And I am here to tell you, my sisters and brothers, that that is a sad state of affairs. Later in Eliza Dolittle’s song she sings,
Never do I ever want to hear another word
There isn’t one I haven’t heard
Here we are together in what ought to be a dream
Say one more word and I’ll scream!
This is what is so sad about the kind of situation James is describing. Here we are together in what ought to be a dream: the Beloved Community, the body of Christ, in which we all know we belong, and where we all offer one another the same acceptance and love God has offered us. Here we are together in what ought to be a dream, James says, and look: it’s a nightmare.
This next part is the reason I love this passage so much. James, writing about 2000 years ago, offers insights into human psychology that are as modern and relevant as we could hope to read in any contemporary journal:
Those conflicts and disputes among you, where do they come from? Do they not come from your cravings that are at war within you? You want something and do not have it; so you commit murder. And you covet something and cannot obtain it; so you engage in disputes and conflicts.
Have you ever heard of a MacGuffin? In movies, books, even video games, a MacGuffin is something that seems very important at the beginning of the story… and which, by the end of the story, is revealed as being completely irrelevant. The movie Psycho has a classic MacGuffin. As the movie starts, a beautiful young woman steals money from her employer. She’s murdered within about a half hour, and those looking for her suspect she was murdered for the money—the money’s the MacGuffin. But by the end of the film the money is all but forgotten as the audience has learned the truth about psyscho-killer Norman Bates.
Conflicts in churches almost always revolve around a MacGuffin. It seems that people are fighting over which hymnal to purchase, or how to redecorate a parlor, or whether the church should host this or that community group, or embark on such and such a mission. But the truth is that some churches that fight are simply churches that fight. They fight over whatever MacGuffin is at hand, because that’s not really what they are fighting about. They are fighting about power. They are fighting about influence. They are fighting about whether the church feels like the church they grew up in, because if it doesn’t, they aren’t sure they recognize it as church anymore. To be more precise, they are fighting about things that are internal to themselves—fear, anxiety, dread, loss.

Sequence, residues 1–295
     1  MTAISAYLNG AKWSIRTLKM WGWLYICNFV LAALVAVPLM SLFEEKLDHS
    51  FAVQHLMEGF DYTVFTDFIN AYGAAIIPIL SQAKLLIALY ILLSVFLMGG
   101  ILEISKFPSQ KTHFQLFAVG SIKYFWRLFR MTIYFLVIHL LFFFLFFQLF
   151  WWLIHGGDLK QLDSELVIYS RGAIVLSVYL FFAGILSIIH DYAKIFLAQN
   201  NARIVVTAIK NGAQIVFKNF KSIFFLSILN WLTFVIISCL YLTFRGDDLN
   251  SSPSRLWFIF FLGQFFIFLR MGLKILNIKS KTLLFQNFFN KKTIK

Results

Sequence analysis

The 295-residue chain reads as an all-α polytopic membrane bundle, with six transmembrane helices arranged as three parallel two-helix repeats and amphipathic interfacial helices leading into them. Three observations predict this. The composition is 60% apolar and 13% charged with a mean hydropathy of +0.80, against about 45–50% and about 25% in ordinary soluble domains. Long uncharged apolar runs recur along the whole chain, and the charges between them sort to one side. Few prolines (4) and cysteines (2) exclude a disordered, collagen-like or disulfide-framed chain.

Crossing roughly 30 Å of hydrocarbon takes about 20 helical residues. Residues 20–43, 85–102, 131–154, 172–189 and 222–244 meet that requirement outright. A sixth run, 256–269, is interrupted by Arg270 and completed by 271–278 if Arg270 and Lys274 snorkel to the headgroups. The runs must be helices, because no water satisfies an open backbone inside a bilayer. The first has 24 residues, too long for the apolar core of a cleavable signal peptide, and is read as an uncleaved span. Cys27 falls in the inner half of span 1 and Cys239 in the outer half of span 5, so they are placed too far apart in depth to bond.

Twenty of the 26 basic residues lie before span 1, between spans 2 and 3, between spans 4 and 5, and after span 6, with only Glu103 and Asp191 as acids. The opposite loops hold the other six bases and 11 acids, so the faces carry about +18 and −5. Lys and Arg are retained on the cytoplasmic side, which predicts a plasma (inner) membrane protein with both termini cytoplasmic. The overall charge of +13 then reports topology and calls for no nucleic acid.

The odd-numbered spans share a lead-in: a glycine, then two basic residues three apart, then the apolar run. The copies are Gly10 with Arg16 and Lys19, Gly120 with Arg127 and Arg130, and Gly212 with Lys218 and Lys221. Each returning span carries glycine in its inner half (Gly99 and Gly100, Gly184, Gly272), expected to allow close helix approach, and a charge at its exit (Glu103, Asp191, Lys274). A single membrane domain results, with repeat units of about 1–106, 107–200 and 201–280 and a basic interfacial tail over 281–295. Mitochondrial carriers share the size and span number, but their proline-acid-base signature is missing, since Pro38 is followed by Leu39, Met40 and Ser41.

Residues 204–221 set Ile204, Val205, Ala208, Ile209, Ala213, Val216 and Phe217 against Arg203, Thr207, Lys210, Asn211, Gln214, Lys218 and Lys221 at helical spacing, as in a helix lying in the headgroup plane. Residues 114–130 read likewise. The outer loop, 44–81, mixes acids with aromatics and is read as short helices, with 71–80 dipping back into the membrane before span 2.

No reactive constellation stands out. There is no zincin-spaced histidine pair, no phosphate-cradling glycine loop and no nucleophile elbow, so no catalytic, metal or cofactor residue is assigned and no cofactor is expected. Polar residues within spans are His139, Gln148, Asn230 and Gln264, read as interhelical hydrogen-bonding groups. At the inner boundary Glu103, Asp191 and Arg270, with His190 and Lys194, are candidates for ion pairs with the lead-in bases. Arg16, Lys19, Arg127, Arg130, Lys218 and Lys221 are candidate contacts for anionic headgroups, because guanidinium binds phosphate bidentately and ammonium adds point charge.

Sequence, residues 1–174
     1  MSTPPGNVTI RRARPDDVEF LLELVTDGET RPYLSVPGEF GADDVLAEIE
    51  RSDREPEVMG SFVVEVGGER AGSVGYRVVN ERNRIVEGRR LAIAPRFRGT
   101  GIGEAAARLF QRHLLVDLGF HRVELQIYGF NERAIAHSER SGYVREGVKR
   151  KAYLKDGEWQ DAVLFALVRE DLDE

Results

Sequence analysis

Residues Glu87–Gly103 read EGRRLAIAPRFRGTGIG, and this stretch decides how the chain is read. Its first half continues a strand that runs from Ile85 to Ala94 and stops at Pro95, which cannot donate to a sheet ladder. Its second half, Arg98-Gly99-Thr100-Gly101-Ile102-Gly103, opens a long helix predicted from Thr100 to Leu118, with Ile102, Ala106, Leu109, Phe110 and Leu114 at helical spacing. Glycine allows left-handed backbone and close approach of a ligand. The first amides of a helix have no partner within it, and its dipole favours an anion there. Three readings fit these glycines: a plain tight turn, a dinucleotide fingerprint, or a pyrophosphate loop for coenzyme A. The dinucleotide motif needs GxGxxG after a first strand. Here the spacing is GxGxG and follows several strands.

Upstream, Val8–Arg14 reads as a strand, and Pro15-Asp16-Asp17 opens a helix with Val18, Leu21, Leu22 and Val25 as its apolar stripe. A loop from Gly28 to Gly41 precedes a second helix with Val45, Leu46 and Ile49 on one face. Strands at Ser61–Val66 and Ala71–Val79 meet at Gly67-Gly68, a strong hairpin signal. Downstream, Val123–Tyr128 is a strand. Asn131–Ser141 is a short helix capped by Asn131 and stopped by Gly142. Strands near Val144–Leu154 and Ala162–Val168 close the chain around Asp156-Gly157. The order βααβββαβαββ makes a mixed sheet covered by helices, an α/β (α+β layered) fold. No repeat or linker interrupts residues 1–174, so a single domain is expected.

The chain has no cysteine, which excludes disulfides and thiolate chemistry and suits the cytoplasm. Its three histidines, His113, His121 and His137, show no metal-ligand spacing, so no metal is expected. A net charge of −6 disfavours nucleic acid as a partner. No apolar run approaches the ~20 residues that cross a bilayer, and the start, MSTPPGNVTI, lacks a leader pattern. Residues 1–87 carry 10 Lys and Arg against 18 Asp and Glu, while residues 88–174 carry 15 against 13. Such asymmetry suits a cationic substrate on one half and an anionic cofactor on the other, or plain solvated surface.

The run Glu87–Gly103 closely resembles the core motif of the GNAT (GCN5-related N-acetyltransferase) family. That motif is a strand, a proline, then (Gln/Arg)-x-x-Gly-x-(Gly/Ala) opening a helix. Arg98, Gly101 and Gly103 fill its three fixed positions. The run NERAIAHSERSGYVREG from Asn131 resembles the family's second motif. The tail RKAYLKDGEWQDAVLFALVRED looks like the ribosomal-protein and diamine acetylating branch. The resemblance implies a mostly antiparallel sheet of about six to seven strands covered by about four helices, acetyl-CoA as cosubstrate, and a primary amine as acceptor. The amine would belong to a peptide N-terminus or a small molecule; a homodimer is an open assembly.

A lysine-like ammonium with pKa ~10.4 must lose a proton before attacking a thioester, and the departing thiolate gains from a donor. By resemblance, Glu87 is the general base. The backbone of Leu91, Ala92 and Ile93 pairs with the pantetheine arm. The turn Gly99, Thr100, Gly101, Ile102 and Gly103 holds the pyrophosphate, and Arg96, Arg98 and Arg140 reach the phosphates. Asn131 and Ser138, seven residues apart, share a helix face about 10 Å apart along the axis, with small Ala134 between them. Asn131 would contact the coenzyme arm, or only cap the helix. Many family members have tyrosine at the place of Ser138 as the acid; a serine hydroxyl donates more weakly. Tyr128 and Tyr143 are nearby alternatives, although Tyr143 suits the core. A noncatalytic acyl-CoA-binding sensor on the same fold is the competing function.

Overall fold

James hits this nail on the head. The conflicts and disputes we engage in come from cravings at war within us. We are in need of healing. James says, “You do not have, because you do not ask… Submit yourselves to God…Draw near to God, and God will draw near to you.”
There is a story about a monastery. You may have heard it before, but some stories are worth repeating… the birth of a baby in a manger, the death of a man on a cross, the mutual love of a small band of believers. Maybe this story is just as important, and we can hear it just as many times.
There was a monastery, which had fallen on very hard times. Once upon a time it had been a home for many brother monks, singing together, praying together, working together. Now it was nearly empty. Just a handful of old monks were left, and they shuffled through the cloisters and praised God with heavy hearts.
One day the abbot decided to take a walk in the woods, and as he did, he came upon an old rabbi. The two men sat together, and soon, tears began to fall down both their faces. They sat together and they cried their eyes out. Finally, the rabbi looked at the abbot, and said, “I know why you are here. I have been given a teaching for you.” Then he leaned in very close and said. “You and your brothers need to know something. The Messiah is among you.” For a while, the two men just sat together in silence. Then the rabbi said, “Now you must go.”
The abbot left without a word and without ever looking back. The next morning, he called the monks together to tell them what he had heard. With eyes like saucers, the abbot told his brothers, “The rabbi told me that the Messiah is among us.”
The monks were startled, to say the least. “What could this mean?” they asked themselves. They looked around the room at each other. “Is brother John the Messiah? Or Brother Matthew? Or Brother Thomas? Am I the Messiah?” They were all deeply puzzled by the rabbi's teaching, even a little skeptical. But no one mentioned it again.
As time went by, the monks began to treat one another with a kind of tender and loving care, just in case one of them was the Messiah. Each man deferred to the wishes of his brother, and gradually their heaviness of heart lifted. Once again they found joy in singing together, praying together, working together. They lived with one another as men who had finally found something. And they prayed the Scriptures together as men who were always looking for something.
“You do not have, because you do not ask,” James tells us. “Draw near to God and God will draw near to you.” It seems so hard, but it is really so simple. Change is as near at hand as our next encounter with someone we can’t stand. The Beloved Community is already available to us, right here, all around. Here we are together in what ought to be a dream, a community filled with wisdom that is pure, peaceable, gentle, willing to yield, full of mercy and good fruits, without a trace of partiality or hypocrisy. Why not make it so? Why not let it show? Amen.